Non-fiction Recommendations

In Defense of a Liberal Education by Fareed Zakaria

Review:

In Defense of a Liberal Education - Fareed ZakariaI am so in love with this book. First of all, I had a different impression of what a “liberal education” was when I picked the book. I thought of it in the “not conservative” way and not so much the liberal arts degree that Zakaria was actually going for. I was always going to be an easy sell on that, having an English degree and all, but now I can talk to others about it better. I really do hate the question of what I plan to do with an English degree.

I listened to the audiobook which was a short three hours and read by the author. Honestly, I can listen to him talk about this for days. I loved the research that he did and a lot of the conclusions. I think my favorite was that even the best technical degree these days was only useful for so long before all the information you learned was outdated. Tech has gotten a bit crazy and I can’t imagine trying to decide on a degree that will be obsolete soon while pressured to not get something in the liberal arts.

As I was paying for my degree on my own, my family didn’t get to weigh in on what I was getting it in but that doesn’t mean it didn’t keep them from commenting. They always wondered how I would make good on the expense and investment and then sigh and figure I could always teach if I couldn’t be a writer or something. I absolutely do want to become a published author one day but it’s not the only reason to get an English degree, neither is teaching. I had never thought of it in terms of learning to think and how lateral learning helps us see the world through a wider lens. It makes sense, though, because my trade is technological and I do feel like I’ve had some help along the way with how to form an argument and how to describe the problem from some of my English classes.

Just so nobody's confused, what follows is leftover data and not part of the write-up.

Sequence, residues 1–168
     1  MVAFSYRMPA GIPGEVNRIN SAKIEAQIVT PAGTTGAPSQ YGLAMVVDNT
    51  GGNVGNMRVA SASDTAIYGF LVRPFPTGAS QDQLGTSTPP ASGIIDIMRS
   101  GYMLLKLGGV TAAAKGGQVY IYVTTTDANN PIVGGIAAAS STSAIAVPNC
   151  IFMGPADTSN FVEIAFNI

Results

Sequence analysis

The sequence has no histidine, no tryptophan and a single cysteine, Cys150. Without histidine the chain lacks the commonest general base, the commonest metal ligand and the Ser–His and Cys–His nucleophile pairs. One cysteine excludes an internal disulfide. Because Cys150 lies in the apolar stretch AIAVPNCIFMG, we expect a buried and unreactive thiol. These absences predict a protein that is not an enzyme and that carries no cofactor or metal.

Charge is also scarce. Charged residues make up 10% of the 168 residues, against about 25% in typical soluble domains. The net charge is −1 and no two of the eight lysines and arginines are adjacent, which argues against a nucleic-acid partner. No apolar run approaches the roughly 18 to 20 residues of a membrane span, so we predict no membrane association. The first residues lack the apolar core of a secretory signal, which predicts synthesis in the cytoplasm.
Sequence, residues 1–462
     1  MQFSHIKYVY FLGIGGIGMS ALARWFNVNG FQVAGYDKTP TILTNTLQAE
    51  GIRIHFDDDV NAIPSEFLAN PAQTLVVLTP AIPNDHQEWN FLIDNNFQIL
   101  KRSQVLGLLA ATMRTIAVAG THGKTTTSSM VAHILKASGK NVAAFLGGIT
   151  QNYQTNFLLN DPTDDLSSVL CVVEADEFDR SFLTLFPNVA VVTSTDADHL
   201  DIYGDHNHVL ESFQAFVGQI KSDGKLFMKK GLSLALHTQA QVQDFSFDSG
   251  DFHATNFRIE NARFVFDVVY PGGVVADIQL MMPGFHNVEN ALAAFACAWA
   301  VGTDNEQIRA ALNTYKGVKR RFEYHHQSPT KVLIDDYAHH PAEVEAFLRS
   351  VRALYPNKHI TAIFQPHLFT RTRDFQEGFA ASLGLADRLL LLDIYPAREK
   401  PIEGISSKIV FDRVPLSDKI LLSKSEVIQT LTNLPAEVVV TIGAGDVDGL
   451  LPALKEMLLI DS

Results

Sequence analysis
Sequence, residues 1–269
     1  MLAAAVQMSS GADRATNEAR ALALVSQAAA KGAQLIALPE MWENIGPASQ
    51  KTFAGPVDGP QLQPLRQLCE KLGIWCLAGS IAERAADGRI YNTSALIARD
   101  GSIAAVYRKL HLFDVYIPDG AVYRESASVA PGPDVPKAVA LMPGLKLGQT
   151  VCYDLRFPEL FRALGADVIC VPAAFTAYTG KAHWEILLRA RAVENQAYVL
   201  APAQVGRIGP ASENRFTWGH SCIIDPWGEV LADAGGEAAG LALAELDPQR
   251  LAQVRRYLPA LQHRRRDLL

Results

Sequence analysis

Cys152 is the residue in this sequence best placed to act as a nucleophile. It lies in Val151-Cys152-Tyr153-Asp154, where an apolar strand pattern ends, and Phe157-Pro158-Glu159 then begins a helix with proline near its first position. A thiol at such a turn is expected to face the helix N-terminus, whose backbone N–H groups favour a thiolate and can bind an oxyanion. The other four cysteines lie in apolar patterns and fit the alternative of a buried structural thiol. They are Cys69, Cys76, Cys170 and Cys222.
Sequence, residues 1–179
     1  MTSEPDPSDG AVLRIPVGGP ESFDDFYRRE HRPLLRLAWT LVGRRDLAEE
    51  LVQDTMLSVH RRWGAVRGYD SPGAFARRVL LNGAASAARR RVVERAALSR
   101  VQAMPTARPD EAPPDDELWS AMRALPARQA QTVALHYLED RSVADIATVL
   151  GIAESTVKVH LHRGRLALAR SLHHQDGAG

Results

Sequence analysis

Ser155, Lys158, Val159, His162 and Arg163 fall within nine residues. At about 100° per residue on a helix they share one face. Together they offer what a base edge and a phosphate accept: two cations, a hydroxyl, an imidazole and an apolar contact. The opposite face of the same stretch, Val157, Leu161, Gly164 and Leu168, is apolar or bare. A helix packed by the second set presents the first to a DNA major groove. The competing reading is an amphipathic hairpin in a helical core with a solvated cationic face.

My favorite thing about the book is Zakaria’s defense of the millennial generation. There are so many articles and books out there calling them all sorts of things and he totally tears those ideas to shreds. And he does it be quoting ancient Greeks, which is kind of the best part about it.

Anyone about to go to college should read this book and it wouldn’t hurt for those about to send their children to college either. There are some great points to be made and a great value for liberal arts education. As usual, I borrowed this book from the library, but it’s available elsewhere for purchase. Click on the cover image to be redirected to a plethora of purchase options or add to Goodreads for later.

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